It’s a Matter of Choice
We often hear of objections to the GLBT community: “It’s a matter of choice – to sin or not to sin.” I believe the resolution of the conflict in the various Christian churches over full inclusion in the life of the church is a matter of choice, not of gender or sexual orientation, but of where we put our faith.
I note in the article concerning Rev. Amy DeLong , http://www.rmnetwork.org/trial-of-rev-amy-delong-approaches/, that it concludes that the trial is “incompatible with scripture . . . [and] with our larger Church Tradition . . .” I do support Rev. DeLong in this matter. But I think it is as mistaken to quote scripture as though it is definitive on loving inclusion of the GLBT community within our own as are the various biblical arguments for judgment and exclusion.
To some degree faith is a gift; but it also involves choice. I am reminded of Hans Kung’s book Does God Exist? He proceeds through the proofs of God and concludes that there is no ironclad proof of God’s existence. He then traces the proofs that there is no God to its ultimate conclusion of nihilism. He likewise concludes that it cannot be proven that there is no God, or that there is no purpose in life. As I interpret my recollection of the book, one is left with a choice: choose God or no God and take the consequences: meaning in life or no meaning.
Eric Fromm, in Psychoanalysis and Religion asserts that a healthy religion is necessary to mental health. Interesting coming from a person popularly categorized as an atheist and a humanist. He defines religion as that which gives us an object of devotion and a sense of orientation. Rev. Bruggeman says that the command not to worship idols also means not to reduce God to our private purposes, as in church fund-raising. Have we idolized God into the form of our image, our prejudices or our purposes? That would certainly be contrary to the Jewish (Christian Old Testament) notion of the nameless God and the living God.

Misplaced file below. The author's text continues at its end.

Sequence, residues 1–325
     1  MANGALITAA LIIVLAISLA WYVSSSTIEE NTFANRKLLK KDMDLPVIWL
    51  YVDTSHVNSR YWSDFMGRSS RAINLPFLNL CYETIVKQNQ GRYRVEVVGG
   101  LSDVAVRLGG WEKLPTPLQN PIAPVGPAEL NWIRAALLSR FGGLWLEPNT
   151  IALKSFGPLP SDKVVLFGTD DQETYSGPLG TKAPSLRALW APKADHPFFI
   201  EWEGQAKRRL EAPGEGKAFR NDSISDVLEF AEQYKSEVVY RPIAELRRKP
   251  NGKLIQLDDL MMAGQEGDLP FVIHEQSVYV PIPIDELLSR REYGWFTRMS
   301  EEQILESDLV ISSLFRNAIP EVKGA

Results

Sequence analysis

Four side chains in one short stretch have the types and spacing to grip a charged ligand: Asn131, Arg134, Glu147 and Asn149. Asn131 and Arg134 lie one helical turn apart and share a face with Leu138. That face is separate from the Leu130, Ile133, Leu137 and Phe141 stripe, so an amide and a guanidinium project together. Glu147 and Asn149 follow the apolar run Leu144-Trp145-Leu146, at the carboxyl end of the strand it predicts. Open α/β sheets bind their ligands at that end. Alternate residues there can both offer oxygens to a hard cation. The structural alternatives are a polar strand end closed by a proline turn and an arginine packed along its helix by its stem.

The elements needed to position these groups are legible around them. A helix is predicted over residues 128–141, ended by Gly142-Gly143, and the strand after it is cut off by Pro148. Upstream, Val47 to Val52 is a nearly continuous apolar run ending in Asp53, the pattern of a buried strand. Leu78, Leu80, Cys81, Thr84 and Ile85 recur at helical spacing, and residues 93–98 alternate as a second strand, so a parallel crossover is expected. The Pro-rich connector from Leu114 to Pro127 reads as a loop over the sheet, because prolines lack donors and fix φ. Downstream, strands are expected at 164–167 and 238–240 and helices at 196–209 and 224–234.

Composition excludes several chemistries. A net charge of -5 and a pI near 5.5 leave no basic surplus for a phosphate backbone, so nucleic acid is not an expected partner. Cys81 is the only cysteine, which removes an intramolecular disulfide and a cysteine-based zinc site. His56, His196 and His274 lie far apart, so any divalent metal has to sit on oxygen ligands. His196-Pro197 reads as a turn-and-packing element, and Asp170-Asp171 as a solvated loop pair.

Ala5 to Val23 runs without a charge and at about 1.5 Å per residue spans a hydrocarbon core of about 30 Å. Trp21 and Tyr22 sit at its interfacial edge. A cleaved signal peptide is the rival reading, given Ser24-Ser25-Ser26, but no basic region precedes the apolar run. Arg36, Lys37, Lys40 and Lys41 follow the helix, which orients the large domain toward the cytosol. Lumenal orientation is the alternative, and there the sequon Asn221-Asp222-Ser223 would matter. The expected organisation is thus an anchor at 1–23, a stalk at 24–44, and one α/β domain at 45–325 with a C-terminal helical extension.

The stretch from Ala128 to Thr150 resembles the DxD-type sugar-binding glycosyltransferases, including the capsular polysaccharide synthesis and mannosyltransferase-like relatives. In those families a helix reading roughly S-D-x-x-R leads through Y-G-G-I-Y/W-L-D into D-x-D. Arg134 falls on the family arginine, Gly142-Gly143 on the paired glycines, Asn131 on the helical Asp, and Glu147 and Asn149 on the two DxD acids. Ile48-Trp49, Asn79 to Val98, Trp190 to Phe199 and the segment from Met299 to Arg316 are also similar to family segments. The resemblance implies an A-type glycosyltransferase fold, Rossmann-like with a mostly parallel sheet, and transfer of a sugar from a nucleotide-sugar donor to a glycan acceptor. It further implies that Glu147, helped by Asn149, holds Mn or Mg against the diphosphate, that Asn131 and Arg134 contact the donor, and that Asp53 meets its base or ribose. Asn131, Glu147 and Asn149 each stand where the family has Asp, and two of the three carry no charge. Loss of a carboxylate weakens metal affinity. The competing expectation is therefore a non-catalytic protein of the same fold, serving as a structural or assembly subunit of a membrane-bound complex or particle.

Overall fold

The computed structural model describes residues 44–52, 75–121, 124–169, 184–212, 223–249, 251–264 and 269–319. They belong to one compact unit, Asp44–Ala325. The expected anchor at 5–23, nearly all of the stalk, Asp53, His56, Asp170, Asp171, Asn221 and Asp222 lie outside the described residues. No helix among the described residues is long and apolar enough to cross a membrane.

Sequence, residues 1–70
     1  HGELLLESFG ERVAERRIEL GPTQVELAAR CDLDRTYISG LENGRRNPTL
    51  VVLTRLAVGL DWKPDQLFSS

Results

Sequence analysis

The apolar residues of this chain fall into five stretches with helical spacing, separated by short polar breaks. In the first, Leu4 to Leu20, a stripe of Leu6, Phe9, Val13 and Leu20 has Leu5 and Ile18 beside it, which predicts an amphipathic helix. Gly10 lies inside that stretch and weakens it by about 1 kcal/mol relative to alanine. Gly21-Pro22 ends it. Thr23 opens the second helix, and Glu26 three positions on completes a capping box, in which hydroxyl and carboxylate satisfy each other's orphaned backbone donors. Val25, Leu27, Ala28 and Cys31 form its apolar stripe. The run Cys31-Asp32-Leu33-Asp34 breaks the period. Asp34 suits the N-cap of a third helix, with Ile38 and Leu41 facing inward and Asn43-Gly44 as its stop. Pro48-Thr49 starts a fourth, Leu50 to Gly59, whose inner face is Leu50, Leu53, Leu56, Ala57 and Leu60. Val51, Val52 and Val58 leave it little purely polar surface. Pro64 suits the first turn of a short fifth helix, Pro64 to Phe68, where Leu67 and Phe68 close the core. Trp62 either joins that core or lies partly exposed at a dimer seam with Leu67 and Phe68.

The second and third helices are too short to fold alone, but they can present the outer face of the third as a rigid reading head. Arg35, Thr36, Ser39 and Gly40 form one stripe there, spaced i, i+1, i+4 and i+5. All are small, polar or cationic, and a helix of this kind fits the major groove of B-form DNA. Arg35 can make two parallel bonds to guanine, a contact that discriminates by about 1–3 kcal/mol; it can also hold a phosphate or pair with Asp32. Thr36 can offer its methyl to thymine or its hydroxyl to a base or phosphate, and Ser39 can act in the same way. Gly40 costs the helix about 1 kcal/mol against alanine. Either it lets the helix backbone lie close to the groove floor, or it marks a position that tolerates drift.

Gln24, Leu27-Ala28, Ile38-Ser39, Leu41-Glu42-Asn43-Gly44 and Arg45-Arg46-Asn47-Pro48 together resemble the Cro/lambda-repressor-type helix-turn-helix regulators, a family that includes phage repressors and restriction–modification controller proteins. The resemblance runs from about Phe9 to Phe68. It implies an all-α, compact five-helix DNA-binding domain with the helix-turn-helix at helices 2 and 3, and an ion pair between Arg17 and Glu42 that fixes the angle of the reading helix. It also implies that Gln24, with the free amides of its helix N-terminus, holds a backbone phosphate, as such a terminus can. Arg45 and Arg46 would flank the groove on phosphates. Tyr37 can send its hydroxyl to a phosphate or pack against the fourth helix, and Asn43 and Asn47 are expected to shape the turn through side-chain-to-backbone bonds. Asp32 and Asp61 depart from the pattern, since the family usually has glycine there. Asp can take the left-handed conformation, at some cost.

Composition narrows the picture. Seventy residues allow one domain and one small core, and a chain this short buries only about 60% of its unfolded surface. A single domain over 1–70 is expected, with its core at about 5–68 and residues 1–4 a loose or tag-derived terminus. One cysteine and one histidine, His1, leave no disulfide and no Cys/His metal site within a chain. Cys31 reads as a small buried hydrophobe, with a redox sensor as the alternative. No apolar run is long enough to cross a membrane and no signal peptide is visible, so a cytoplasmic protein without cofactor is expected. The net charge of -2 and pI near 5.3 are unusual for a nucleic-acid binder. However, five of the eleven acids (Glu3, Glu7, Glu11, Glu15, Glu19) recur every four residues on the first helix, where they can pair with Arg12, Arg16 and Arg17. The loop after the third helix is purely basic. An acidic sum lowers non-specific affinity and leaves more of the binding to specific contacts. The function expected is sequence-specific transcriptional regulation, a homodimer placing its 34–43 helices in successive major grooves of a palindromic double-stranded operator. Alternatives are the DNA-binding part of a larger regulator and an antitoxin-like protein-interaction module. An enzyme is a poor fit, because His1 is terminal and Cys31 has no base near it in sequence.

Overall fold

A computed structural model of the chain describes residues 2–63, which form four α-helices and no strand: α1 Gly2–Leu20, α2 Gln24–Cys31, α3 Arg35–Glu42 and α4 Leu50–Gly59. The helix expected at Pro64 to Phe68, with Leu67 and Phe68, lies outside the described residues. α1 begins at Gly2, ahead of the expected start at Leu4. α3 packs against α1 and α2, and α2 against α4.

How does this apply to my view of GLBT issues? We must accept that the Bible can be used to support almost any position, no matter how disparate. We find the same of Jewish, Muslim and other sacred scriptures. We like things to be black and white, right or wrong. But, as our world is a mixture, from our individual point of view, of good and bad, so is our scripture. The Wesleyan Quadrilateral recognizes this. In this blog, I have attempted to set out the various biblical arguments used by some Christians to judge GLBT issues (sometimes politely distinguished as “discernment”) and, at the opposite end of the spectrum, I set out a homosexual’s biblical argument justifying his sexual orientation.
I suggest here and in the blog that we will not find clear, consistent answers in the Bible on the issues of gender, sexuality or sexual orientation. We are in the same position Hans Kung found himself on the issue of whether God exists: we must make a choice, and that choice will have practical effects: ranging from “life has meaning” to “it has no meaning;” or from, “I am the center and condition of all existence” to “life is bigger than I am;” or “I am the author of my fate” to “life is something that happens to me.” My father, Rev. Edgar F. Wheeler, once put it to me this way, “People think Christianity is all about dying and going to heaven. I say, ‘No. It is about living a life of eternal significance.’”
For my part I choose for my object of devotion and sense of orientation Matthew’s quotes of Jesus: “Inasmuch as you did or didn’t do it unto others, you did or didn’t do it unto me;” “By their fruits you will know them.” To paraphrase a great figure in another day and situation, “Choose you this day whom you will serve.” Life involves choice. It just does. Make your choice and see what kind of fruit it bears. Does it bear hatred and exclusion or love, respect and inclusion?
In this blog, I note the biblical contradictions and I suggest that if you can find an honest way to both judge and to love unconditionally, to both judge the act and love the “sinner,” and if it bears good fruit, do it. As for me, I must make a choice between the two. I can’t hold onto judgment of another’s gender or sexual orientation, whether by choice or circumstance, and still love the person. I choose to love unconditionally and share in the rich give-and-take of community.